Nathaniel Woodhull "Nat" Hicks (April 19, 1845 – April 21, 1907) was an American professional baseball player. He played as a catcher in Major League Baseball for six seasons, two in the National League. Hicks was one of the first catchers to stand directly behind the batter, which allowed future Hall of Fame pitcher, Candy Cummings to develop the first curveball used in baseball. A popular and highly regarded player during his time in baseball, but injuries sustained over the course of his career cut his playing time short.
Nat Hicks was born in Hempstead, New York into the famous Hicks family. His father was Jackson Hicks (1811- ), and his mother, Sarah Sweet (1817- ). The family moved to Newtown Queens circa 1850 where his siblings were born: brother Barnett (1852-) and a sister Delia (1855-). His paternal grandparents were Jeffery Hicks (1778-1829) and Mary Polly Hicks (1784-1854). His patrilineal great-grandparents were Jeffrey Hicks (1739 - 1790) who had been born in Flushing, and Mary Cornell (1745 - 1792).
Hick's relatives included famous Quaker and abolitionist Elias Hicks also of Hempstead, and Elias' son Valentine Hicks, who first settled the community of Hicksville, Long Island, and was later president of the Long Island Rail Road. He was also a distant cousin of Quaker and painter Edward Hicks. He is related Isaac Hicks, who founded Hicks Nursery in 1852.
Hicks served briefly in the 15th New York Infantry Regiment near the end of the American Civil War.
He began playing professional baseball in the National Association of Base Ball Players through 1871, most notably for the Eckford of Brooklyn. Hicks' pivotal role in the development of the curveball is seldom mentioned. Most catchers of his era stood twenty to twenty-five feet behind the batter, which made it impossible to field a curveball. It was Hicks' catching technique of standing directly behind the batter, that allowed Cummings to introduce his curveball. The introduction of the curveball not only caused a revolutionary change in the way catchers fielded their position, but also radically changed pitching as well.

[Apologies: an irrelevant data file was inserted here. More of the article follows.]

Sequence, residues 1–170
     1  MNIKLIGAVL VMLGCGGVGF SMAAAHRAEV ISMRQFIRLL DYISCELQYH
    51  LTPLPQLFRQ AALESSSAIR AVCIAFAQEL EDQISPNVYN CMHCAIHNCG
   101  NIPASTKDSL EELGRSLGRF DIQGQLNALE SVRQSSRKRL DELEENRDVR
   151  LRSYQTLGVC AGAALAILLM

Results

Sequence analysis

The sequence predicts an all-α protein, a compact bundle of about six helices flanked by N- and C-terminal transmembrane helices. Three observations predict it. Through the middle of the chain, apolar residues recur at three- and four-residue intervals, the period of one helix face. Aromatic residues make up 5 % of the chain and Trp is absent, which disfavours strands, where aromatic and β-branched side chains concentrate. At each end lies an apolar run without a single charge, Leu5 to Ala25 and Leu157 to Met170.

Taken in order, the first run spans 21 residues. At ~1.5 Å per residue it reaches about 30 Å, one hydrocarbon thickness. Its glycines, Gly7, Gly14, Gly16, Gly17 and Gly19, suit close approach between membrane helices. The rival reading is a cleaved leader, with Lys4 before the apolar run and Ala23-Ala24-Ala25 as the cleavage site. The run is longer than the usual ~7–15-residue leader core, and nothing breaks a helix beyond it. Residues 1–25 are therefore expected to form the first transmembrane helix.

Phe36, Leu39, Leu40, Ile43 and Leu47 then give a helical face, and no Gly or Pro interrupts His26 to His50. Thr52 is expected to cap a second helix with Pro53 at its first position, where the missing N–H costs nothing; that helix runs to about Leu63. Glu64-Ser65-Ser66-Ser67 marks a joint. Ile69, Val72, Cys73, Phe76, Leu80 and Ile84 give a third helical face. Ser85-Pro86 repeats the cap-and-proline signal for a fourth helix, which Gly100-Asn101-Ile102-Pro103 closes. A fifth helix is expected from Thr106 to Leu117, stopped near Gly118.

He later moved on and spent most of his career playing in the National Association. He joined the New York Mutuals in 1872 where he was reunited with Cummings, and became their everyday catcher. He batted .306 that season as the Mutuals finished third. Hicks returned with the Mutuals in 1873, but that season saw his skills decline significantly both in the field and at the bat. He played in only 28 games and shared the catching duties that season with Dick Higham and Doug Allison.
On July 24, 1873, Bob Ferguson of the Brooklyn Atlantics was the umpire in a game between the New York Mutuals and the Baltimore Canaries which ended with the Mutuals scoring 3 runs in the bottom of the 9th inning for an 11-10 victory. Ferguson and the Mutuals' Hicks got into a verbal altercation which ended with Ferguson breaking Hicks' arm by hitting him with a bat. Ferguson required a police escort to leave the field and Hicks was out of action for 2 months.
Hicks changed teams in 1874, joining the Philadelphia White Stockings where he was once again reunited with Cummings, and enjoyed a bounce back season, batting .274, and caught every game the team played. He returned to the mutuals in 1875 when he was named the player-manager, the only stint as a manager in his career. There is some dispute with this notion, as other baseball references have him as player-manager for the White Stockings the previous year as well, instead of Bill Craver. When the Association folded, the Mutuals and Hicks moved over to the newly formed National League in 1876, and then finished his career with the Cincinnati Reds.
In 1873 Hick would marry Margaret Mehan, the daughter of Irish immigrants, with whom he would have ten children. They married in Hoboken, New Jersey, and they are interred together at St. Peter's Catholic Cemetery.
After his baseball days were over, he became a professional singer and proprietor of a billiard academy. While Cummings went on to become enshrined in the Baseball Hall of Fame, Hicks' role in the development of the curveball is rarely mentioned. Hicks died in Hoboken, New Jersey at the age of 62 of accidental gas asphyxiation in a hotel room, and was interred in St. Peter Cemetery in Jersey City, New Jersey.